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Koret Auditorium

Guest Lecture: "Oscar de la Renta: American Designer", by Jeremy Miller

Oscar de la Renta, evening dress, resort, 2012
February 25, 2016 -
10:00am12:00pm

Jeremy Miller is a faculty member at the Fashion Institute of Design & Merchandising. He earned his MA in Art History with a focus on 18th century Venetian art. He is currently researching artistic and public identity in fashion photography circa the 1920s and 1930s. Miller teaches topics ranging from survey of Western art to history of costume design.

Lao-Tai Textiles and the Mythic Imagination with Ellison Findly

Tai Daeng door curtain
March 12, 2016 -
10:00am11:30am

Textiles do things. They keep us warm, protect us from the sun, and make us feel beautiful. In northeastern Laos, however, textiles do other things as well. They bring babies, keep evil spirits at bay, heal us, and take our spirits to heaven when we die. Not only are these exquisite weavings the central vehicles of artistic expression, but they are also catalysts for personal and social rejuvenation.

Guest Lecture: "Digital Art, Street View, and Webcams", by Jenny Odell

Jenny Odell
February 4, 2016 -
10:00am12:00pm

Jenny Odell is a Bay Area native who makes use of secondhand imagery, most commonly from Google Earth. Her work attempts to bring into focus the specific, fragile, and physically-determined characteristics of human existence by cataloguing its infrastructure. Odell's projects have been featured at the Google Headquarters, Centre d'Art Santa Monica, Fotomuseum Antwerp, Les Rencontres d'Arles, and La Gaîté Lyrique in Paris. They have also appered in TIME's LightBox, the Atlantic, The Economist, WIRED, the NPR Picture Show, Die Zeit, Le Soir, and European Photography.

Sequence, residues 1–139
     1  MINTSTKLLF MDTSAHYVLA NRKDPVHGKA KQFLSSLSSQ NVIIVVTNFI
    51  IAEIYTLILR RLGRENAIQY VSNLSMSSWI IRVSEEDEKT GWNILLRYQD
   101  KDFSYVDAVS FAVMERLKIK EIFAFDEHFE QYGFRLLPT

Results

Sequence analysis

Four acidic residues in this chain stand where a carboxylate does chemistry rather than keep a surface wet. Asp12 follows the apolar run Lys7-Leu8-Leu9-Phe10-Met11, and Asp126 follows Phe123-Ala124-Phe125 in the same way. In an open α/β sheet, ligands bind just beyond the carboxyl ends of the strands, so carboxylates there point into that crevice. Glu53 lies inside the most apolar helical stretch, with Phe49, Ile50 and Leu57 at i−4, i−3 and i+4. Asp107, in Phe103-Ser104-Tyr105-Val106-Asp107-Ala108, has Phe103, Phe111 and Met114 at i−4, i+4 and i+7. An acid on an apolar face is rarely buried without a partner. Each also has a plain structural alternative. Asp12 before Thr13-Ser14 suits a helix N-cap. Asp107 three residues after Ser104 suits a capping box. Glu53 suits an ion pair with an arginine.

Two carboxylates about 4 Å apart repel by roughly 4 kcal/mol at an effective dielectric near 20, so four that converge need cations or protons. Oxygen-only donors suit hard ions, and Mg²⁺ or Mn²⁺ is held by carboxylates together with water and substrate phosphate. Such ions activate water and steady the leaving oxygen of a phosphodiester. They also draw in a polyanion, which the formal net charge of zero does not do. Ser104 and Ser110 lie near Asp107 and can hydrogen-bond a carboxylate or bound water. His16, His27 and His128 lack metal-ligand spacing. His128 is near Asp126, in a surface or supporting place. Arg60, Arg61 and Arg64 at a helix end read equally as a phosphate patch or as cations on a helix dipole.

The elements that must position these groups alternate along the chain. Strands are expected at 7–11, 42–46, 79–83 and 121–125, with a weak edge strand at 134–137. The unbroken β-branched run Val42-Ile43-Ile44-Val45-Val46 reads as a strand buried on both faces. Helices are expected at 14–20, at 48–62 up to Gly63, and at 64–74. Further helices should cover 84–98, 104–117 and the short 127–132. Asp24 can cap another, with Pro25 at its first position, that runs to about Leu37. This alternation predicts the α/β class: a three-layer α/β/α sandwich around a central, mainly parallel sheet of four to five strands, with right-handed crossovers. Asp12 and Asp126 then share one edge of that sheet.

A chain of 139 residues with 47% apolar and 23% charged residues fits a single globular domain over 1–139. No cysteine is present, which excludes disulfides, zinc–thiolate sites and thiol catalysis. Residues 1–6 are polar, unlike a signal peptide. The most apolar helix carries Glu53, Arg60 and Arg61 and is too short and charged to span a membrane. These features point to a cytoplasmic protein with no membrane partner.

Guest Lecture: "A Renaissance Refresher", by Christy Junkerman

Bouts, Virgin and Child
February 11, 2016 -
10:00am12:00pm

Dr. Christy Junkerman earned a BA in English from the University of Wisconsin, Madison, and a PhD from UC Berkeley. She teaches late medieval and early modern Italian art, and is also the coordinator of the 100W course for the School of Art and Design at San Jose State University. Her dissertation, an interdisciplinary study of early sixteenth-century Venetian half-length paintings of women who were probably courtesans, examined this large group of paintings from the standpoints of social history, rhetoric, lyric poetry, and the paragone between painting and poetry.

Docent Lecture: "Diebenkorn at Berkeley", by Jim Kohn

Diebenkorn, Seawall
February 2, 2016 -
2:15pm3:15pm

Richard Diebenkorn provoked an important dialogue between representation and abstraction during his period of work in Berkeley. In 1955, when he was nationally acclaimed as an abstract artist, he confounded the art world with his dramatic shift to representation. Diebenkorn started out painting in a representational mode but later switched to Abstract Expressionism while studying and teaching at the California School of Fine Arts, between 1946 and 1949. Then, during his Berkeley years, Diebenkorn changed and enhanced his working methods, favored themes, and artistic identity.

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